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Who we are

The Meraki Project was born out of a refusal to remain silent while other people in our world suffer. The conflict in South Sudan has now been raging for years and as the statistics grew, so did our restlessness. We launched our pilot project on November 5th, 2018, where we took a trip to a Ugandan refugee camp to figure out the best way we could partner with locals to empower children impacted by this war.

Through art classes with some of the students, we saw how a creative outlet was a fun and safe way to explore their many skills. We quickly realized that arts and crafts were something that they loved and were remarkably good at. Locals started to tell us of how art was an integral part of their culture and expressed concerns that their children were losing their artistic abilities through war and displacement. Things like painting, pottery and weaving used to be popular to the South Sudanese, but their nation is slowly losing those who are capable of doing it.

We took a step back and looked at the resources and people already present within the host communities in the camp. It made us think: we buy things every day. We are constantly spending our money on coffee and clothes, Spotify and Apple. We subscribe and shop. What if we could could create a space where the kids were free to learn culturally relevant artistic skills while also creating products that could keep the very same students where they are needed most: school. What if we could empower adult South Sudanese refugees? Partner with schools to open doors for workshops?

And so, we did. For four years we have partnered with South Sudanese teachers to put kids through our arts-to-education program. We have successfully graduated 116 students and currently have another 110 in our program.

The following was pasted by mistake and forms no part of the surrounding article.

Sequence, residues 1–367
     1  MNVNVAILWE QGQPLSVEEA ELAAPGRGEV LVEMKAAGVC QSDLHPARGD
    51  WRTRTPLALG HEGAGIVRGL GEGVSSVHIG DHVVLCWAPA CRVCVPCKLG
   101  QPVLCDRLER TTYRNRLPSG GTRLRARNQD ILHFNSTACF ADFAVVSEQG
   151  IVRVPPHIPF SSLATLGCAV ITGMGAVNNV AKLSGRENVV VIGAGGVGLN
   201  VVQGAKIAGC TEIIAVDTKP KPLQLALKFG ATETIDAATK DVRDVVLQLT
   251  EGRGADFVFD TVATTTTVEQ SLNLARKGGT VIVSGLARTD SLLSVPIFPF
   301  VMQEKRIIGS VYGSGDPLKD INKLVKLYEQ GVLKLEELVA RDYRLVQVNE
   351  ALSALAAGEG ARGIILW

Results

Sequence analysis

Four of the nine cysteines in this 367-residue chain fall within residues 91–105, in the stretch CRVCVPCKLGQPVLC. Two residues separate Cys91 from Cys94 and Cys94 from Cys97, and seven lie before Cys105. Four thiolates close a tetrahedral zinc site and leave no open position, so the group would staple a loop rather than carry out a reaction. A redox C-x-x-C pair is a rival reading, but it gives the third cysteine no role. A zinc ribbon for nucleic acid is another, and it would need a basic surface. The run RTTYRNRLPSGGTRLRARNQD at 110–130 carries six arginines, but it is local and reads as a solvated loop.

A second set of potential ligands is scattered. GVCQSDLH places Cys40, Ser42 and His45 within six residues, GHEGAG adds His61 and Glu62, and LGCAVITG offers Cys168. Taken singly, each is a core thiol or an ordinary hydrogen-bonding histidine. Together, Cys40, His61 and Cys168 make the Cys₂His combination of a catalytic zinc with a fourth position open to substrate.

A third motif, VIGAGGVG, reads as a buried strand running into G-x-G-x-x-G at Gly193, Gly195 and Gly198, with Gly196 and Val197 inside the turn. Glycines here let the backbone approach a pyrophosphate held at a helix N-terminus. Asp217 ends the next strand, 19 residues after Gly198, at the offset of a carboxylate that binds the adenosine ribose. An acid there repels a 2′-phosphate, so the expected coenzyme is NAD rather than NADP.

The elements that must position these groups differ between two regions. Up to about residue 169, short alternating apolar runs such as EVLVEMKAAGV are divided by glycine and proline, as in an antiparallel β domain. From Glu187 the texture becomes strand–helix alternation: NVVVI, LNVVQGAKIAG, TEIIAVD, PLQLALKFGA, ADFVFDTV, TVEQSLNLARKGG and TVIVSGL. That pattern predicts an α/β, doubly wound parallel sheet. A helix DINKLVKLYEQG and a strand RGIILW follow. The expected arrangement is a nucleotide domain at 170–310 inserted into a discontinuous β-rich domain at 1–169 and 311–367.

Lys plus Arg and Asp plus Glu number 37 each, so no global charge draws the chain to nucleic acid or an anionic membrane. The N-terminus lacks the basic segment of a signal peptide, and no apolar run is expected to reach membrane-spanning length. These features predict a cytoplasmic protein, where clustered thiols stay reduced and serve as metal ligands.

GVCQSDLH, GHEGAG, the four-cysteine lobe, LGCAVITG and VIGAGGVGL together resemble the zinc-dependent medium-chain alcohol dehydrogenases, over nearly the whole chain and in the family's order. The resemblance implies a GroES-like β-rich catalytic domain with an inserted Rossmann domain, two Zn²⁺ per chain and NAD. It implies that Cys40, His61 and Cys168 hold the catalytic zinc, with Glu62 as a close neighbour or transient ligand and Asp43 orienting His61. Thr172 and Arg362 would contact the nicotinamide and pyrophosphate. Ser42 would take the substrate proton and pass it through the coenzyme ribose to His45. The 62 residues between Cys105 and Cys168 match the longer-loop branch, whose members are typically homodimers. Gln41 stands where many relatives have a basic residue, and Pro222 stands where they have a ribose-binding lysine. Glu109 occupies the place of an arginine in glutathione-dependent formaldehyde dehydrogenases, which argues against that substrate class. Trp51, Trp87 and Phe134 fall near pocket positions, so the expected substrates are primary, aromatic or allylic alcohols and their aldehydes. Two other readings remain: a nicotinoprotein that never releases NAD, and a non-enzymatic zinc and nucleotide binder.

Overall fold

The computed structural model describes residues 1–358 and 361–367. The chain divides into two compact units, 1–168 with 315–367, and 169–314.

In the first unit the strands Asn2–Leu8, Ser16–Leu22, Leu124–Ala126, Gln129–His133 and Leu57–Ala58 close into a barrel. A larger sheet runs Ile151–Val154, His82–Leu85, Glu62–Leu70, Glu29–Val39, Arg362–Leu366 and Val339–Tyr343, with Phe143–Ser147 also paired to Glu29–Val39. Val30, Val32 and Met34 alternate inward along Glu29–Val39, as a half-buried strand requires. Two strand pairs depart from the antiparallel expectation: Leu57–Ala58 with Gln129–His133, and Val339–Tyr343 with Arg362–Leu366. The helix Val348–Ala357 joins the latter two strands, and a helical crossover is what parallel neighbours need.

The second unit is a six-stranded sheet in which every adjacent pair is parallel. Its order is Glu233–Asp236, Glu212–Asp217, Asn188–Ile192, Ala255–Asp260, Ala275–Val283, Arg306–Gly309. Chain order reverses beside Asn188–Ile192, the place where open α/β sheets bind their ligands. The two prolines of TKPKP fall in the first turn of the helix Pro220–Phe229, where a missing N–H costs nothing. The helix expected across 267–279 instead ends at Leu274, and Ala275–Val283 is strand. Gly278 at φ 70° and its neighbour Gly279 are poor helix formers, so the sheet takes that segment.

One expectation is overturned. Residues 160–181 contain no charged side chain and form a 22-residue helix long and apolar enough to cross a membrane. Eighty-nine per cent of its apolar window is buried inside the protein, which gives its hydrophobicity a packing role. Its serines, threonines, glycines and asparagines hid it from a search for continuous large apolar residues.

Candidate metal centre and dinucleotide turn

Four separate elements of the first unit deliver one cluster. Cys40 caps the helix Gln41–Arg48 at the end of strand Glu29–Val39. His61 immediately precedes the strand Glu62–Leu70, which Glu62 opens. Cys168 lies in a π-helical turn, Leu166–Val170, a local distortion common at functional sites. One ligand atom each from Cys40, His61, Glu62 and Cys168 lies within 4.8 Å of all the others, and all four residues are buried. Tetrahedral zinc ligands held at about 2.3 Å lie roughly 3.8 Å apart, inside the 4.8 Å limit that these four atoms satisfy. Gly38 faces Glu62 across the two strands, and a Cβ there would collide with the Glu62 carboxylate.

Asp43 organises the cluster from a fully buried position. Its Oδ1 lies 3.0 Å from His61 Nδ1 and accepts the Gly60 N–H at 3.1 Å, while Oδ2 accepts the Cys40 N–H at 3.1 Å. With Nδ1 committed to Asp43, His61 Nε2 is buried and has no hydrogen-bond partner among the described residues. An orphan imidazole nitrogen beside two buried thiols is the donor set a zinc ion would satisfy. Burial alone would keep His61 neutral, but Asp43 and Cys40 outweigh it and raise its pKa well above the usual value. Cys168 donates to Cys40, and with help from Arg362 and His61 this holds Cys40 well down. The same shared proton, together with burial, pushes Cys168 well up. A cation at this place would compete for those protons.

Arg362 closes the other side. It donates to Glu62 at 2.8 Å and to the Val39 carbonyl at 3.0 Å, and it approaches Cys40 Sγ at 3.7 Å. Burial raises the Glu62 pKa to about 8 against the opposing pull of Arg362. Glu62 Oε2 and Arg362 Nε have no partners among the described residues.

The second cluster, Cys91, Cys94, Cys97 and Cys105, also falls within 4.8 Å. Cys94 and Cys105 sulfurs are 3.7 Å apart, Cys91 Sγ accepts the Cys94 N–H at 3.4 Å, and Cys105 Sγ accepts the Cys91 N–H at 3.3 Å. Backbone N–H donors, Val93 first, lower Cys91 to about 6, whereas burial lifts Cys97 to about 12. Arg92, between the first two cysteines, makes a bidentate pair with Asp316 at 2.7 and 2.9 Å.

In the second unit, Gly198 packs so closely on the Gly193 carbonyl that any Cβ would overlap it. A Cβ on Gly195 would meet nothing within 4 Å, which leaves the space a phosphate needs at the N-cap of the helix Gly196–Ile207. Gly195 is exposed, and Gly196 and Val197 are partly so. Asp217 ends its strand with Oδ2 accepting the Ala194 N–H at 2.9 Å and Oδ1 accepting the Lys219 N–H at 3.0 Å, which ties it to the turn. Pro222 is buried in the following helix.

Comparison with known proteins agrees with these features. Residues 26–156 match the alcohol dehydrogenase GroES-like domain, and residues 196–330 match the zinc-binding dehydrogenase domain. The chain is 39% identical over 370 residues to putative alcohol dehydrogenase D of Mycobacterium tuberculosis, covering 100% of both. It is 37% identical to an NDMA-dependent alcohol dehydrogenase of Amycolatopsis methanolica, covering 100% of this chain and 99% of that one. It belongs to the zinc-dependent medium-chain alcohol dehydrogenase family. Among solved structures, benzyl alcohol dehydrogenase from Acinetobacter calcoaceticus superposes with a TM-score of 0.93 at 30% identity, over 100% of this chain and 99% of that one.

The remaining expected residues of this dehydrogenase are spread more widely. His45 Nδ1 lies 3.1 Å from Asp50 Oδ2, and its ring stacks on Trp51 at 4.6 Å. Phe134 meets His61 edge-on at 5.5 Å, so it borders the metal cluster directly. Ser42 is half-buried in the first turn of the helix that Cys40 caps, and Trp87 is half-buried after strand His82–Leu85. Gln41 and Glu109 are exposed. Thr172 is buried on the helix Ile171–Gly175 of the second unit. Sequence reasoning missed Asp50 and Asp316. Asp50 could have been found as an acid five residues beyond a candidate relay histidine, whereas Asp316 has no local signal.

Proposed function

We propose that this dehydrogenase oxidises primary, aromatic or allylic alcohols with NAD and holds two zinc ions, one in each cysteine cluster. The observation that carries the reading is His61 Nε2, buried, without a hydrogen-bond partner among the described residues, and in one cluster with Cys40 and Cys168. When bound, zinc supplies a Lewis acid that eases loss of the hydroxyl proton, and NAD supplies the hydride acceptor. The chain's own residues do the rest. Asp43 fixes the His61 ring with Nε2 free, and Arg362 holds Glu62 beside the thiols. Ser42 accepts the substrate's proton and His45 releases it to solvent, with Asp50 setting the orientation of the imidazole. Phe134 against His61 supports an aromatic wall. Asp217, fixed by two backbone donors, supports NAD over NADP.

For four years we have held a safe and creative space for kids to dance, paint, write and tell stories. We have watched them grow and we have laughed by their sides as we walked with them through our program year after year.


2023 is just around the corner and we're about to launch our biggest project yet. We will be adding close to 500 students to our programs to ensure that they return to school next year. And the next. And the next.  

We see hope, here. We see the light that art and education can bring to children who have fled from war. We see love so powerful it outworks itself through the serving of others, compassion so strong it moves people across race and nation. We see the ability to give children a safe and fun space where they can be themselves. Where they can express both their past and the hopes for their future. 

We see children who are given a say in where they're going and who they're becoming. We see statistics changed before they ever even have the chance to be written. 

We see children who are given a say in where they’re going and who they’re becoming.

We see statistics changed before they ever even have the chance to be written.

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